“Madame is taking her refection in my lady’s boudoir,” he remarked, when the dishes had been removed. “You may bring up a bottle of Frontiniac from bin thirteen, Theuriet. Oh, you will see, gentlemen, that even in the wilds we have a little, a very little, which is perhaps not altogether bad. And so you come from Versailles, De Catinat? It was built since my day, but how I remember the old life of the court at St. Germain, before Louis turned serious! Ah, what innocent happy days they were when Madame de Nevailles had to bar the windows of the maids of honour to keep out the king, and we all turned out eight deep on to the grass plot for our morning duel! By Saint Denis, I have not quite forgotten the trick of the wrist yet, and, old as I am, I should be none the worse for a little breather.” He strutted in his stately fashion over to where a rapier and dagger hung upon the wall, and began to make passes at the door, darting in and out, warding off imaginary blows with his poniard, and stamping his feet with little cries of “Punto! reverso! stoccata! dritta! mandritta!” and all the jargon of the fencing schools. Finally he rejoined them, breathing heavily and with his wig awry.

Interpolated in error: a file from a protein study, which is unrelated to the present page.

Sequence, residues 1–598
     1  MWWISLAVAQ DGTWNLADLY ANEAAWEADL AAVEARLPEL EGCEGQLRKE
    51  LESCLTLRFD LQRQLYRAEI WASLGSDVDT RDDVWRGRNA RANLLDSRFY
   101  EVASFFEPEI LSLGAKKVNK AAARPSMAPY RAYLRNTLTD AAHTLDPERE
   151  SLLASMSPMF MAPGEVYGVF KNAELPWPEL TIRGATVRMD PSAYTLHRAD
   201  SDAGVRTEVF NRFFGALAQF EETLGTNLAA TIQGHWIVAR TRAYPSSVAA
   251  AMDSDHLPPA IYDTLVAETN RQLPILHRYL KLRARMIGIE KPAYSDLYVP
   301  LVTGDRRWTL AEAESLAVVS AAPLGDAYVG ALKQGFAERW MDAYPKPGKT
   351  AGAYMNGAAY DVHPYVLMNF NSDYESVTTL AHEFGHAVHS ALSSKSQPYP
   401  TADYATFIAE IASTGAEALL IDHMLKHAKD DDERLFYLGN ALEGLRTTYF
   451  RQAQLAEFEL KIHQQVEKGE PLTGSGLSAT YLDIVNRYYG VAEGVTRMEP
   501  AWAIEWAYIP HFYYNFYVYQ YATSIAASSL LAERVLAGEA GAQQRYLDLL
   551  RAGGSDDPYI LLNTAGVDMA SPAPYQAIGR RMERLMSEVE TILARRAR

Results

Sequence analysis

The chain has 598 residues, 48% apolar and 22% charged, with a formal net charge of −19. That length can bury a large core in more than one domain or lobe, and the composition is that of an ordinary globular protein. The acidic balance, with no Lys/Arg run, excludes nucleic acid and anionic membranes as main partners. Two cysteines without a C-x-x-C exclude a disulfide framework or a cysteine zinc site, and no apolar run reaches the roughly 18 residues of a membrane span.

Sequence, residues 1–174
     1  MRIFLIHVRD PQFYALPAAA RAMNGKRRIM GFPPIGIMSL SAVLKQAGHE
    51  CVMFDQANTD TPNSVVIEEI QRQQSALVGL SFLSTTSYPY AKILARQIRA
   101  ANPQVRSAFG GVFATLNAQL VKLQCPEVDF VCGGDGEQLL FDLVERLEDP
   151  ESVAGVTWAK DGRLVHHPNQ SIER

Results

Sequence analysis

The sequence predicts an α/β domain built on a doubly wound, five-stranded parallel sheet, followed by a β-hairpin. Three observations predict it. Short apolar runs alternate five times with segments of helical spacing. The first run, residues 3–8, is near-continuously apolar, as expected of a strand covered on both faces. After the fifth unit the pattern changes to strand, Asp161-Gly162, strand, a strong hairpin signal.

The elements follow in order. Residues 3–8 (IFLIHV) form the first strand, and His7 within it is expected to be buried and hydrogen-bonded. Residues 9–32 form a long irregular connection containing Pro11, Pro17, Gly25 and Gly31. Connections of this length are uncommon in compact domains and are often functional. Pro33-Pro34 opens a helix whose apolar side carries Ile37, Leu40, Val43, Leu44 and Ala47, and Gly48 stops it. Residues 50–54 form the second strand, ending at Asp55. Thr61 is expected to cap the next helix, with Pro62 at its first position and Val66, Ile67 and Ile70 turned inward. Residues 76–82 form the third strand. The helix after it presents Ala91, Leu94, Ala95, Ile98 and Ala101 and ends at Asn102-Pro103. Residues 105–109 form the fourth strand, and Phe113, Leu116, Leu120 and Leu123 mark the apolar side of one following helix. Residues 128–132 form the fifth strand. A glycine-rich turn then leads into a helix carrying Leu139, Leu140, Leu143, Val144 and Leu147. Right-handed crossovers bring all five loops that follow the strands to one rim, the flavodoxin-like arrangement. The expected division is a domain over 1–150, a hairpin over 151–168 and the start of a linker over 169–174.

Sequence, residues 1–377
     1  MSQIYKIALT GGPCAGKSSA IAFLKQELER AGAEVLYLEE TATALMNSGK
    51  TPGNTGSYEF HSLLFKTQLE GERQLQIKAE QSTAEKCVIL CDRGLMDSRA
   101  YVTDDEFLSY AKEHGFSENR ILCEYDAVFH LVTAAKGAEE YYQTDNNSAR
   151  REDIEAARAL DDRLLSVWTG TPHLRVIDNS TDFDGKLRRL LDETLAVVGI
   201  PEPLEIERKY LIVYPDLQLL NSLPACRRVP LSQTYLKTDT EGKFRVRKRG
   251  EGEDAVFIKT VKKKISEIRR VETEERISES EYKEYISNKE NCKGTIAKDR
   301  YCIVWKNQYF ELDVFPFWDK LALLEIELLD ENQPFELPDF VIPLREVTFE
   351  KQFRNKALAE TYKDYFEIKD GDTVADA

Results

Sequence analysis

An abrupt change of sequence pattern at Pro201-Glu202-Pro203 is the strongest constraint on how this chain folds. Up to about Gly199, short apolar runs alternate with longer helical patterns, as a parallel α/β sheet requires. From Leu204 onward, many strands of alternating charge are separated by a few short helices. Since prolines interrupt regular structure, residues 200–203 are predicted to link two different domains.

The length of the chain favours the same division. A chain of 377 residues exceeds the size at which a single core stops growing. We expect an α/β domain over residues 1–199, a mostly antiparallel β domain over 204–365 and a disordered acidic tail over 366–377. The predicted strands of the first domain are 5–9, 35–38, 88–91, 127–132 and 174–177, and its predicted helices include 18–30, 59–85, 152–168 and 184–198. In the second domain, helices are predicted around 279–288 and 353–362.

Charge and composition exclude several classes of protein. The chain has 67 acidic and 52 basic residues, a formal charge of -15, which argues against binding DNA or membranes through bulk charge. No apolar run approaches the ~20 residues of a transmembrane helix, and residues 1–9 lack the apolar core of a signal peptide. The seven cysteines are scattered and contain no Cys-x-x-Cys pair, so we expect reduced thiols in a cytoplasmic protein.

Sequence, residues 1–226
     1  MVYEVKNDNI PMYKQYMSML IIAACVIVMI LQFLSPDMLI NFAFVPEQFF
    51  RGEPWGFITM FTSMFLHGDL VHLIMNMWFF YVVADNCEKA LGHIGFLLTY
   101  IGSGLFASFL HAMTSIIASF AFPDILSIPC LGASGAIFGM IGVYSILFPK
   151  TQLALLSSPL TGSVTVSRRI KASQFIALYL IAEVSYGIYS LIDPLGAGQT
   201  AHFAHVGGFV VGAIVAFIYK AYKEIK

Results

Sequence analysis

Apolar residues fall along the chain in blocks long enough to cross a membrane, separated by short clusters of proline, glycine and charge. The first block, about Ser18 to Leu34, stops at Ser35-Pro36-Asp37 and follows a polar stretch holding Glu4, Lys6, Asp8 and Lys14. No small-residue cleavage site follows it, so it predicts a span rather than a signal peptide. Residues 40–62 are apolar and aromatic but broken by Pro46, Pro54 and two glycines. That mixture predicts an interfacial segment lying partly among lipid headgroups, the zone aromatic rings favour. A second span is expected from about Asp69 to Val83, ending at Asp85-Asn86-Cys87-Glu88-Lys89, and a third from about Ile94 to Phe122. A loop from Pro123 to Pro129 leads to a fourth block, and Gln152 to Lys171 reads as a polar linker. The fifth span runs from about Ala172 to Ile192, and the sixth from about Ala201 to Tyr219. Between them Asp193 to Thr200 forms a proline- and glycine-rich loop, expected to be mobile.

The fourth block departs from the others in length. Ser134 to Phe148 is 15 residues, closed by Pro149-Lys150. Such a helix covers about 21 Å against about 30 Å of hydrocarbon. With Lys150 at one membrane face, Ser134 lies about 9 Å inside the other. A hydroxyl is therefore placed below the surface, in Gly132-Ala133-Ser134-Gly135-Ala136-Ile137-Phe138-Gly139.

“That was our old exercise,” said he. “Doubtless you young bloods have improved upon it, and yet it was good enough for the Spaniards at Rocroy and at one or two other places which I could mention. But they still see life at the court, I understand. There are still love passages and blood lettings. How has Lauzun prospered in his wooing of Mademoiselle de Montpensier? Was it proved that Madame de Clermont had bought a phial from Le Vie, the poison woman, two days before the soup disagreed so violently with monsieur? What did the Due de Biron do when his nephew ran away with the duchess? Is it true that he raised his allowance to fifty thousand livres for having done it?” Such were the two-year-old questions which had not been answered yet upon the banks of the Richelieu River. Long into the hours of the night, when his comrades were already snoring under their blankets, De Catinat, blinking and yawning, was still engaged in trying to satisfy the curiosity of the old courtier, and to bring him up to date in all the most minute gossip of Versailles.
THE SLAYING OF BROWN MOOSE.
Two days were spent by the travellers at the seigneury of Sainte Marie, and they would very willingly have spent longer, for the quarters were comfortable and the welcome warm, but already the reds of autumn were turning to brown, and they knew how suddenly the ice and snow come in those northern lands, and how impossible it would be to finish their journey if winter were once fairly upon them. The old nobleman had sent his scouts by land and by water, but there were no signs of the Iroquois upon the eastern banks, so that it was clear that De Lhut had been mistaken. Over on the other side, however, the high gray plumes of smoke still streamed up above the trees as a sign that their enemies were not very far off. All day from the manor-house windows and from the stockade they could see those danger signals which reminded them that a horrible death lurked ever at their elbow.